The digital world is ever-changing. Mandatory digitization of cable TV by government has flagged off new world of possibilities. It has not only helped the government but also the broadcasters, DTH and MSOs, and the customers. The new rule has introduced transparency and upgraded, improved, and structured system at a much more rational rate.

The digital world is not static and will continue to experience very rapid development in the years to come. Its dynamic nature every day is giving rise to new possibilities as world has witnessed rapid developments and advances in hardware (personal computers, mobile phones, recording, playback, control equipment), software applications (search software, graphic manipulation software, etc.), and networks (Internet and mobile telephone) in the last few decades.

The ordinance passed by the government of India on the mandatory digitization of the cable TV services brought a revolution in the broadcasting fraternity which includes the government, direct-to-home (DTH), multi-system operators (MSOs), and the consumers. Though digitization of cable TV took a long time for its implementation, the change it brought to the cable service has directly impacted day-to-day life. Digitization of cable network has not only benefited the government but has also helped the broadcasters, direct-to-home (DTH), multi-system operators (MSOs), and customers - the entire ecosystem.

Unlike the earlier scenario, wherein subscribers were forced to choose whole packages of channels even if they did not watch them all, in the new regime, they are allowed to choose channels on a la carte basis. In other words, subscribers will have much better choice for selecting only the channels that they want and pay accordingly. This has brought a price regulation for both the DTH and MSOs. For consumers, this translates into an extensive choice of TV channels, improved quality of transmission, increased value-added services, and paying for what they view. It allows the consumers high-quality viewing with value-added services like movies-on-demand, broadband, games, pay-per-view, and HD without any disruption. The state-of-the-art digital technology has enhanced the picture and sound quality to such an extent that it has given viewers a whole new definition to the world of entertainment.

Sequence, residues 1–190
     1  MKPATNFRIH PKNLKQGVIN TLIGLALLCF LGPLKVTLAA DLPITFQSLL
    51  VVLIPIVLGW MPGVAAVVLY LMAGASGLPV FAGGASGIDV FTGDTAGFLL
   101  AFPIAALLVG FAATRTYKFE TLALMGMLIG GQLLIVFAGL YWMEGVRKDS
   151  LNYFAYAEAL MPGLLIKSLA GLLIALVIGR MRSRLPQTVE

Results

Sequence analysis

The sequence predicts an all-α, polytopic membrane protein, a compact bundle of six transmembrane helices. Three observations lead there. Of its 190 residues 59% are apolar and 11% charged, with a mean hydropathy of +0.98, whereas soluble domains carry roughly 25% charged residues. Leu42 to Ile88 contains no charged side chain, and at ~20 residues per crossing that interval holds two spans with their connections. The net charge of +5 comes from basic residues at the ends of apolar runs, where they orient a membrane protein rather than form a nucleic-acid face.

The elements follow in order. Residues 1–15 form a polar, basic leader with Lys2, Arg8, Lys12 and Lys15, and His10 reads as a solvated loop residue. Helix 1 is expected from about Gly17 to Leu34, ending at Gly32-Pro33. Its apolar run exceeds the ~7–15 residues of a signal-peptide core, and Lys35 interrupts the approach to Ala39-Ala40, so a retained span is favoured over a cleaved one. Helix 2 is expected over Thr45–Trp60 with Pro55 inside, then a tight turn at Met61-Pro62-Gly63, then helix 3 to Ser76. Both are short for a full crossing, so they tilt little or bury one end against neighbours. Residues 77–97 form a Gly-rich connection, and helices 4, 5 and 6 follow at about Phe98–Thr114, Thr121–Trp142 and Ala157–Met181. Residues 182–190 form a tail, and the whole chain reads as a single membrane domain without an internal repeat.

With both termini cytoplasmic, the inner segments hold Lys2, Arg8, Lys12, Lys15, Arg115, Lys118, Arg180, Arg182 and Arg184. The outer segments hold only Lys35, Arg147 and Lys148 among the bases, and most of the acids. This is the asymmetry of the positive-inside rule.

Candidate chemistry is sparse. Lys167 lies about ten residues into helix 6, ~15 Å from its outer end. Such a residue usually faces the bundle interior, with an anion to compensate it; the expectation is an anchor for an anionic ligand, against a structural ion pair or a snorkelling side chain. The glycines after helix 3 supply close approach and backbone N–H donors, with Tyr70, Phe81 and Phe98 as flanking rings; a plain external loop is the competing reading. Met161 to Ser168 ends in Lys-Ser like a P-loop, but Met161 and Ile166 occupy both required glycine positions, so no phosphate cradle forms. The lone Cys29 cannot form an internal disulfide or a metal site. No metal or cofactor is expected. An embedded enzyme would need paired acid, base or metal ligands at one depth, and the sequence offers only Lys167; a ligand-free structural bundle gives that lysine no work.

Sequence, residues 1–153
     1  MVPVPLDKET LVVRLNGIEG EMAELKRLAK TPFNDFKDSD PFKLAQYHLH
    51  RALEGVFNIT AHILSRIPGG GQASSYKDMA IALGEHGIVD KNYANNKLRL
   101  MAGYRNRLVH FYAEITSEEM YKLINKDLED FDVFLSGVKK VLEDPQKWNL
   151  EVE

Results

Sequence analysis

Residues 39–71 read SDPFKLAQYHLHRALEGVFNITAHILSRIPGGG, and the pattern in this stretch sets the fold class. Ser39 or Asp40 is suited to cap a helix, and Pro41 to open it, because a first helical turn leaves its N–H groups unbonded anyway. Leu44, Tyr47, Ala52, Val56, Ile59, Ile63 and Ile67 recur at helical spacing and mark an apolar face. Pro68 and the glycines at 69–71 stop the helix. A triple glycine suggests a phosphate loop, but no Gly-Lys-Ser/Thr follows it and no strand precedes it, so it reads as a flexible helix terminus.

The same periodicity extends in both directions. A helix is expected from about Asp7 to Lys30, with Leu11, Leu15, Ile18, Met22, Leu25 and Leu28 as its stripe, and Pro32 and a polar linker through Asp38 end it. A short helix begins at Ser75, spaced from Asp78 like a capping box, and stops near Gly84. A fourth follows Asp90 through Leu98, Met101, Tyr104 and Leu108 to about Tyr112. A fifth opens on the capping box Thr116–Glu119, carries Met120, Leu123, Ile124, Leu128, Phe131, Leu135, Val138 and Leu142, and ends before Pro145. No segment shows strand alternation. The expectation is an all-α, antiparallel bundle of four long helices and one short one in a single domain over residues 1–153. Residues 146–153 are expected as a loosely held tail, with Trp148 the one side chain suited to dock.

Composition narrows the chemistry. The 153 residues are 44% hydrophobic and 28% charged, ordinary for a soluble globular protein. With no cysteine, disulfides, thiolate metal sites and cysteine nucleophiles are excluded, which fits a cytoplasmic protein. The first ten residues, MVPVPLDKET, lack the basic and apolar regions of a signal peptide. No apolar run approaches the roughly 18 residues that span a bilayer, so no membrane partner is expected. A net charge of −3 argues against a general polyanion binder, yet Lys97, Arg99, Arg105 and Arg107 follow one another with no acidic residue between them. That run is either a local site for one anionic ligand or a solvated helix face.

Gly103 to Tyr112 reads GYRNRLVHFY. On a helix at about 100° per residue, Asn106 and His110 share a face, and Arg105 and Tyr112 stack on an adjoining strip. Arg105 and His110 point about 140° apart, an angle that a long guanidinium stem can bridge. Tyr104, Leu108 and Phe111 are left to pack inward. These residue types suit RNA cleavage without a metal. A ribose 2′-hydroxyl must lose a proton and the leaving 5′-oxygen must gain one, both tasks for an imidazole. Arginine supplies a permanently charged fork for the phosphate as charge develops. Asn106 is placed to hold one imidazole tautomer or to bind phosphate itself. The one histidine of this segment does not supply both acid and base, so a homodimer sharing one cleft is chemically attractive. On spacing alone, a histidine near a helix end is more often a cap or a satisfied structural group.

For the government, transparency of customer declaration has led to better tax compliance and increased tax revenues. The carriage fee payouts by large broadcasters is expected to remain stable while disbanding of channel aggregators has resulted in higher bargaining power of distributors (MSOs and DTH operators) with smaller broadcasters as well as new channels. New channel launches and wider audience measurement metrics will keep carriage revenues buoyant for MSOs in the near term. This will in turn lower the carriage cost for the DTH and MSOs. Also broadcasters will enjoy a reduced dependence on advertising revenues with subscription-based services.

With digitization of cable TV, the cable networks are transitioning from coaxial to optic fiber in the last mile as optic fiber can carry a much larger amount of data and video than coaxial cable can. In the scenario where the last mile carries IP/data traffic, which enables cable operators to provide both TV and internet access through a single connection to consumers, vast revenue opportunities open up. In addition to TV revenue, distribution platforms can earn from providing Internet access and services, such as media storage in the cloud, delivery of educational content, high-definition gaming, home automation and monitoring services, and more.

Further, the introduction of new SMS and billing system in compliance with TRAI will help to improve operational efficiencies. Business process automation, mobile number portability, unsolicited commercial communication and complaint redressal mechanism, and steps taken by TRAI in connection with unsolicited communications along with value-added services will help to handle at least a million concurrent subscribers on the system.